That’s how it is supposed to be.
The House of Representatives, reflecting the state’s broad democratic base, is more attuned to popular pressures that the upper house is there to modify, mollify and temper with reason and restraint.
However, bills do come out of the lower house that should not be delayed by partisan wrangling and naysayer nit-picking, despite the popular agitation behind them. This week, two such bills have gone to the Senate for debate.
The first is a bill that, among other things, would change the retirement age for public employees.
Today, state workers can retire and start drawing a pension after working 25 years (10 years if they are over 60). If this bill becomes law, new hires would have to wait until they were 62 (56 for law enforcement and fire fighters) to collect.
Although the state retirement system is not in as bad a shape as some claim, this would make the system stronger and save more than $5 billion over the next three decades. The bill has been endorsed by the governor, the head of the Retirement Systems of Alabama, the Alabama State Employees Association and top-ranking members of the House. The Senate passed it Tuesday; now it returns to the House and heads to the governor.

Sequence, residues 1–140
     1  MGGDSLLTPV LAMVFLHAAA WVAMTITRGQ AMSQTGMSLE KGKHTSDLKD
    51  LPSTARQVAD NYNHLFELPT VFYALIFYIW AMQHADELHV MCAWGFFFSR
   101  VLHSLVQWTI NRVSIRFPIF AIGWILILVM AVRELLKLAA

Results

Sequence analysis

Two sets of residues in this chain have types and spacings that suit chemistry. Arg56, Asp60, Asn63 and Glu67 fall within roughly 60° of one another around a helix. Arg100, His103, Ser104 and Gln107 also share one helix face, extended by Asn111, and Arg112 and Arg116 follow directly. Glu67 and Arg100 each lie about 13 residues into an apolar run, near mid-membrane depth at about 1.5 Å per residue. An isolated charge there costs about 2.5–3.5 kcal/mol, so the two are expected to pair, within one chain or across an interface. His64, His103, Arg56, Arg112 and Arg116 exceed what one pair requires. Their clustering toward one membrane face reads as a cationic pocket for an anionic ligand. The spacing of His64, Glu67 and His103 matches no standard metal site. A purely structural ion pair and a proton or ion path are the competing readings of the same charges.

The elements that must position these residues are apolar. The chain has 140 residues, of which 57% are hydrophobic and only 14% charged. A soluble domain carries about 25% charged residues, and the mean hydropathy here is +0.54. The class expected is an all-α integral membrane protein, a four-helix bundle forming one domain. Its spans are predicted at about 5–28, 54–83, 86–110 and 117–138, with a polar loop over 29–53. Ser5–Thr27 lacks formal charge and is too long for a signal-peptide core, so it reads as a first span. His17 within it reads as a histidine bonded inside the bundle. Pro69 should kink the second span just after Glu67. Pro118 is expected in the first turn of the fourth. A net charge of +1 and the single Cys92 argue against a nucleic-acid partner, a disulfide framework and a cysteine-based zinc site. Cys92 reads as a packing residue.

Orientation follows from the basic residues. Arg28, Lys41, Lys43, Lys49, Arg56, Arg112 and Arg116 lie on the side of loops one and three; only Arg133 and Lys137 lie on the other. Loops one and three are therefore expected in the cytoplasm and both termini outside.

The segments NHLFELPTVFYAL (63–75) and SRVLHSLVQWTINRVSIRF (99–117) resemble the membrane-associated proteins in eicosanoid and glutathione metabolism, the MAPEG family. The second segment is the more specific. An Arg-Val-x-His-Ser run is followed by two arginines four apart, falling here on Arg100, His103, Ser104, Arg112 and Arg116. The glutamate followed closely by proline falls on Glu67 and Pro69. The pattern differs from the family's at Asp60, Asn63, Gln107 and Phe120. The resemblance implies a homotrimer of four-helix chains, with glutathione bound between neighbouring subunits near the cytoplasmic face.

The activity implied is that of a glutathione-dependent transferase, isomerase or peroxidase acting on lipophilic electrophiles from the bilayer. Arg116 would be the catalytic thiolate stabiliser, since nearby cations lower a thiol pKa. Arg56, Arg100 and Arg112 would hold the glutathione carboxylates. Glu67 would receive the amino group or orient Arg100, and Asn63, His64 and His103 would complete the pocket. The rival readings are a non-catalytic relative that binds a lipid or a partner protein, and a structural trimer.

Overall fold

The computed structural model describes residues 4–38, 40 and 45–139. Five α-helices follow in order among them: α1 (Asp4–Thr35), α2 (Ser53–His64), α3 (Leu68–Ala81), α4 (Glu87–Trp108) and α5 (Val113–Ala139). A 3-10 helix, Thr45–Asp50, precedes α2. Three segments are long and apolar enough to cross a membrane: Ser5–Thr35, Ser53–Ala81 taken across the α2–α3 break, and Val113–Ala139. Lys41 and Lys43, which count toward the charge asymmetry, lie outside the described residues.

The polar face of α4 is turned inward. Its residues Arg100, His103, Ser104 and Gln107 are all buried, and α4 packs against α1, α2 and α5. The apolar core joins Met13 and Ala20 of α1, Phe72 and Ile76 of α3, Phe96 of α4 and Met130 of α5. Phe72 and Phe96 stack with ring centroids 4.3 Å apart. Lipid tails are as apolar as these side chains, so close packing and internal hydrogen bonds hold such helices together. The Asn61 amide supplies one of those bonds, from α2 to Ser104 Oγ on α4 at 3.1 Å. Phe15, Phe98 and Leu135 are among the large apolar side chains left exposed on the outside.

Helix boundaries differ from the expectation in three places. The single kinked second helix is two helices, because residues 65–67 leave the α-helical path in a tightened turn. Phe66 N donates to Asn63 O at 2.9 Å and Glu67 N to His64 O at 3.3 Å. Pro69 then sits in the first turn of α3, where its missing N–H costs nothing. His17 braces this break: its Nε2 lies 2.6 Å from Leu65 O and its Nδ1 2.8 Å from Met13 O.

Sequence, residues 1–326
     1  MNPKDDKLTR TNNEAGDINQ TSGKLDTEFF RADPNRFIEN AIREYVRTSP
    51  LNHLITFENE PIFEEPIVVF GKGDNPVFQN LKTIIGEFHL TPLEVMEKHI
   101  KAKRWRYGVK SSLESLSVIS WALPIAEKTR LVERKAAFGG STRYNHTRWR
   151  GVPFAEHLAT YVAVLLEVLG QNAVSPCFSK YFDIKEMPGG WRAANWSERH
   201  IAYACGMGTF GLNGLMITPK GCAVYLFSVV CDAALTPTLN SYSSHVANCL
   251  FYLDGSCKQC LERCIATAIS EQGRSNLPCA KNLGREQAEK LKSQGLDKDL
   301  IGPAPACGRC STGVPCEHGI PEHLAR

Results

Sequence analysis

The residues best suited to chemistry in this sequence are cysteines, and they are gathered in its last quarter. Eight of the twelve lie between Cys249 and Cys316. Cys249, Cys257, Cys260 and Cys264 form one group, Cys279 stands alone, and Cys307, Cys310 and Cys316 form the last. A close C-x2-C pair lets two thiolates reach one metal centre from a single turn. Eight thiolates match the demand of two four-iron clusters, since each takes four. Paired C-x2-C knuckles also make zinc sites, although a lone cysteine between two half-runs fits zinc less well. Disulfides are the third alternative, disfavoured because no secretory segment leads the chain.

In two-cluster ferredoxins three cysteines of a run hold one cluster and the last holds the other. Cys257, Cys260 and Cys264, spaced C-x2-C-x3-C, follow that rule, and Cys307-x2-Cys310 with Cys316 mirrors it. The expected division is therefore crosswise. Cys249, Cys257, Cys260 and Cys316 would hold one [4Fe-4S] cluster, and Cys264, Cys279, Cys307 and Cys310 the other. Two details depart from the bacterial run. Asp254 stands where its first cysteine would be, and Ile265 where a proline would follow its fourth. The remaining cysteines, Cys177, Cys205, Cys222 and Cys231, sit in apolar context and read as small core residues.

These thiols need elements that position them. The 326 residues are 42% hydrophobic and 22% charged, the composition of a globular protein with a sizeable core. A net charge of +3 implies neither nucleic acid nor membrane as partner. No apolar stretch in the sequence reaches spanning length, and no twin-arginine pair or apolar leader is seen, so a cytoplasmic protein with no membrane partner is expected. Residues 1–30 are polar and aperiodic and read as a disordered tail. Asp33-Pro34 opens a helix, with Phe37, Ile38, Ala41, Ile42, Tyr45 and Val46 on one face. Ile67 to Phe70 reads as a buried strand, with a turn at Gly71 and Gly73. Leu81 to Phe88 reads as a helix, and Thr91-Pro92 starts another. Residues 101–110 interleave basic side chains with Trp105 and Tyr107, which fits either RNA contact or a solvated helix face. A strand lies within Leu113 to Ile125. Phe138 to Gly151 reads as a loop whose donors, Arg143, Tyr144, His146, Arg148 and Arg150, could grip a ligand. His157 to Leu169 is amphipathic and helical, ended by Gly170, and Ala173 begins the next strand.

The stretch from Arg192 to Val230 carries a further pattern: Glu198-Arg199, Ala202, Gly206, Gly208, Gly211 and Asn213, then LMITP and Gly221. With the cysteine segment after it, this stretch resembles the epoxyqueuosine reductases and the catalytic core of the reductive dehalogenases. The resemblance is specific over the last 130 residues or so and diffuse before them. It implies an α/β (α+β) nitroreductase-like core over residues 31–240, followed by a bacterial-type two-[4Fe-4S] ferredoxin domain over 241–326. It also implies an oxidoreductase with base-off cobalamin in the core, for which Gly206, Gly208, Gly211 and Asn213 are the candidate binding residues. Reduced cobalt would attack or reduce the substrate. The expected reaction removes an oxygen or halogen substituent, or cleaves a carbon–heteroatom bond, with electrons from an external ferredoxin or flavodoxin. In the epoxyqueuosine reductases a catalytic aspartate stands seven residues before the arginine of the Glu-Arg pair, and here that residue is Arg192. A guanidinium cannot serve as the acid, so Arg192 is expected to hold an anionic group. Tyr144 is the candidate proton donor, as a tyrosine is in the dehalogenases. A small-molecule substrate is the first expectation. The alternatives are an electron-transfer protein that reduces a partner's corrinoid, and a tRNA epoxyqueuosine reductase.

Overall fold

The second bill is the constitutional amendment that would tie legislative pay to Alabama’s median household income.
The bill was written in reaction to the outrage over the legislative pay raise passed in 2007 when Alabama families were seeing their incomes battered by the beginnings of the Great Recession. The bill would also save the state money in the future.
The Senate should look closely at this one and consider the contention that legislators might make more under this plan because of changes in mileage and expense reimbursement. Nevertheless, the general concept is good. With necessary adjustments, this bill should pass as well.
It is time for the “House of Lords” to do its work — deliberately, cautiously, but decisively.
Good legislation can come from this. This page hopes that is what happens.